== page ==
The day in which a story collection such as Nine Stories by J. D. Salinger could create a major stir is, alas, long gone. Maybe that's too bad. These are very clever and satisfying stories. They deserve some readers.
By Don Noble
After finishing her MFA in fiction writing here at the University of Alabama, Jennifer Davis went on to win the prestigious Iowa Short Fiction Award with her collection Her Kind of Want, published by the University of Iowa Press in 2002.
This honest and clearly written memoir does begin in misery. In 1973, Kim Sun?e, at the age of three, is abandoned by her mother on a bench in a South Korean marketplace with "a tiny fistful of food" which was reduced to the crumbs of the title.
For years, Johnson, who was raised in Montgomery and studied journalism at Auburn, wrote four columns a week for the Atlanta Journal-Constitution. Unhappy with Atlanta traffic and that grueling pace, Johnson left the AJC in 2001. This has given her more time to write in a thoughtful, more leisurely way, and the result is Poor Man's Provence.
This is a remarkable first novel, impressive and sophisticated. The subject matter presents a big temptation to be hyperbolic, melodramatic, but Roy's voice is calm, reasoned. The story is told mainly in simple declarative sentences and is all the more powerful for it.
And in terms of empathy, maybe I am not the best reviewer for this volume. Bragg's people are, emphatically, not my people. But then again, maybe I am the right one to review this volume, because Bragg makes these people come alive for me, and in fact through some of the most beautiful writing you will find anywhere, makes me care about them, feel for them as individuals.
In Wicked City, he fictionalizes actual events in the Phenix City of 1954, a place so awful, Atkins writes, "no author could ever exaggerate the sin, sleaze, and moral decay of Phenix City, Alabama, in the fifties or the courage of the people who stood up to fight it."
By Don Noble
Ace Atkins' career has tacked this way and that over the years, but has never strayed very far from crime, especially murder.
This is not for the most part a volume full of blame or revenge, although there are more than enough guilty parties. This is Delbridge's own story, her very particular growing-up story, and while it is comical at times, these essays are laced through, as many memoirs are, with real pain.
The book closes with a recipe for "Cornbread Southern Style." Besides the obvious ingredients, this recipe calls for one tablespoon of sugar. Since "Pig Iron Rough Notes" was edited by an Alabamian and published in Alabama and the recipe came from J. M. Brown of Edgewater, Alabama, I take it to be the last, final, definitive word on cornbread. One tablespoon sugar.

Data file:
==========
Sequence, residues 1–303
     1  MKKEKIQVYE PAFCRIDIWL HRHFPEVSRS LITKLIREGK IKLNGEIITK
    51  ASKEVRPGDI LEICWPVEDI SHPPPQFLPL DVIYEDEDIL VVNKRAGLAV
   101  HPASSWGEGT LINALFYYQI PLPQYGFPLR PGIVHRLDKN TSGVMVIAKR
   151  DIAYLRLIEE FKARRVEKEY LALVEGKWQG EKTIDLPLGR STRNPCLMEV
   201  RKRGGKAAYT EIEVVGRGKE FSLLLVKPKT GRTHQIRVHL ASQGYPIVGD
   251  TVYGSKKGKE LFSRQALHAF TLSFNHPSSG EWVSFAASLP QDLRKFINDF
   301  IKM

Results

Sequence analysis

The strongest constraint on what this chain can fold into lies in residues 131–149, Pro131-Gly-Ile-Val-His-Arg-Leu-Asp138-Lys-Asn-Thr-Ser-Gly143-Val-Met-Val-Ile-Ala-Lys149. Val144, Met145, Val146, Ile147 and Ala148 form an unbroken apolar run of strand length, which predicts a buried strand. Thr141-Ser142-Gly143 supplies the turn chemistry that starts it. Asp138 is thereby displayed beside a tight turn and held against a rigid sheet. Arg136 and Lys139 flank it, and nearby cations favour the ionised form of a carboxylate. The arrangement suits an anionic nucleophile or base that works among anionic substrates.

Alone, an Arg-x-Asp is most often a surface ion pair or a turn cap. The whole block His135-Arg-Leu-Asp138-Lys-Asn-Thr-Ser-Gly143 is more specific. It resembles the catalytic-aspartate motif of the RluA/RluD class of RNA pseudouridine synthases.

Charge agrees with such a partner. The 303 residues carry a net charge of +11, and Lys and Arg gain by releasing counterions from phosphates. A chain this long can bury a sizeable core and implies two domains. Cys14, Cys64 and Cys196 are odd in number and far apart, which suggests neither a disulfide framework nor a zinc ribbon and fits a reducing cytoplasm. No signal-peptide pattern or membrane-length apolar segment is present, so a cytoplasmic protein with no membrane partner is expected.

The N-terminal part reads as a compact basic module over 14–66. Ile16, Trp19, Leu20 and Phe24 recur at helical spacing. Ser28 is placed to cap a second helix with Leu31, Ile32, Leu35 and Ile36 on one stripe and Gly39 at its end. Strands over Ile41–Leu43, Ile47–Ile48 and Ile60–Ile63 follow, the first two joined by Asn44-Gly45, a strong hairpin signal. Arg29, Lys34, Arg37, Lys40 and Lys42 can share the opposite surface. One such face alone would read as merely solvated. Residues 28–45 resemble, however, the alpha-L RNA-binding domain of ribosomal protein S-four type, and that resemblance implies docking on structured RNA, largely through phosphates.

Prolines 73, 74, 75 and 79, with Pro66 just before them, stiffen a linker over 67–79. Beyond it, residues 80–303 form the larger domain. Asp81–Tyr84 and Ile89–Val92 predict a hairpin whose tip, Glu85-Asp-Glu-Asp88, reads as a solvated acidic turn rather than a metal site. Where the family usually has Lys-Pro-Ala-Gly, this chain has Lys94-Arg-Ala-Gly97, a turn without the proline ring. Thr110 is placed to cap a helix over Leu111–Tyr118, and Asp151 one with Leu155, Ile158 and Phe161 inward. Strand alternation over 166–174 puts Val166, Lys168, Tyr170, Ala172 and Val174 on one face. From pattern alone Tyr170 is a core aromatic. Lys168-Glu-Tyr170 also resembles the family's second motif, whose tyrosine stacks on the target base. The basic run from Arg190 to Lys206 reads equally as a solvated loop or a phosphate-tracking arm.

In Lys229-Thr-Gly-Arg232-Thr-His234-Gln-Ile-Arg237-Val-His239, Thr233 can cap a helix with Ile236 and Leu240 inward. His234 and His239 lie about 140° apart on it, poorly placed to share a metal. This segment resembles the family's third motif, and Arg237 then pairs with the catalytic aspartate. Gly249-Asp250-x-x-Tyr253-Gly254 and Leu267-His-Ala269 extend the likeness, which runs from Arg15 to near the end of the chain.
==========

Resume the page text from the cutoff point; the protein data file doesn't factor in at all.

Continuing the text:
Singleton has published three collections of stories, mostly funny, and then had only a semi-success with Novel: A Novel, in which he made fun of writers' colonies. In Work Shirts for Madmen, he has adjusted to the longer form, and this novel is a treat.
Tartts Three is a collection of twenty-three stories. One-hundred-seventy story collections were submitted to the third annual Tartt First Fiction Award contest. After choosing the winning collections, the editors went on to select the twenty-three best individual stories from the hundreds of stories entered. There is not a loser in the bunch.
Blonde Faith is the tenth Easy Rawlins mystery. The character, based on Mosley's own African-American father, was born and raised in Houston, saw fierce combat in the European Campaign in WWII, especially the Battle of the Bulge, and returned home to find he could not live in overtly bigoted Houston, so moved to make his life in LA, where the prejudice was more subtle and somewhat less lethal.
This is not another general history of the civil rights movement but rather a focussed study of the role played by reporters, newspaper editors, radio reporters, still photographers, and, finally and most importantly, television reporters and their crews: cameramen and sound technicians.
By Don Noble
Gene Roberts and Alabamian Hank Klibanoff have won the Pulitzer Prize for The Race Beat, so it is not risky for me to say it is terrific. But it really is.
This is an insider baseball book, and this is the perfect month for baseball fans to read The Entitled. Since the World Series, fans have survived on the methadone of football. Now that the Super Bowl is over, there is nothing.
Capote in Kansas is not a terrible novel. Things happen. Truman has a lover, a married air conditioner repairman. He sends ghoulish collages and tiny handcarved coffins through the mail. On the phone, Truman and Nelle reminisce about their childhood in Monroeville. The characters are believable; the plot moves. It's not a terrible novel; it's an offensive novel.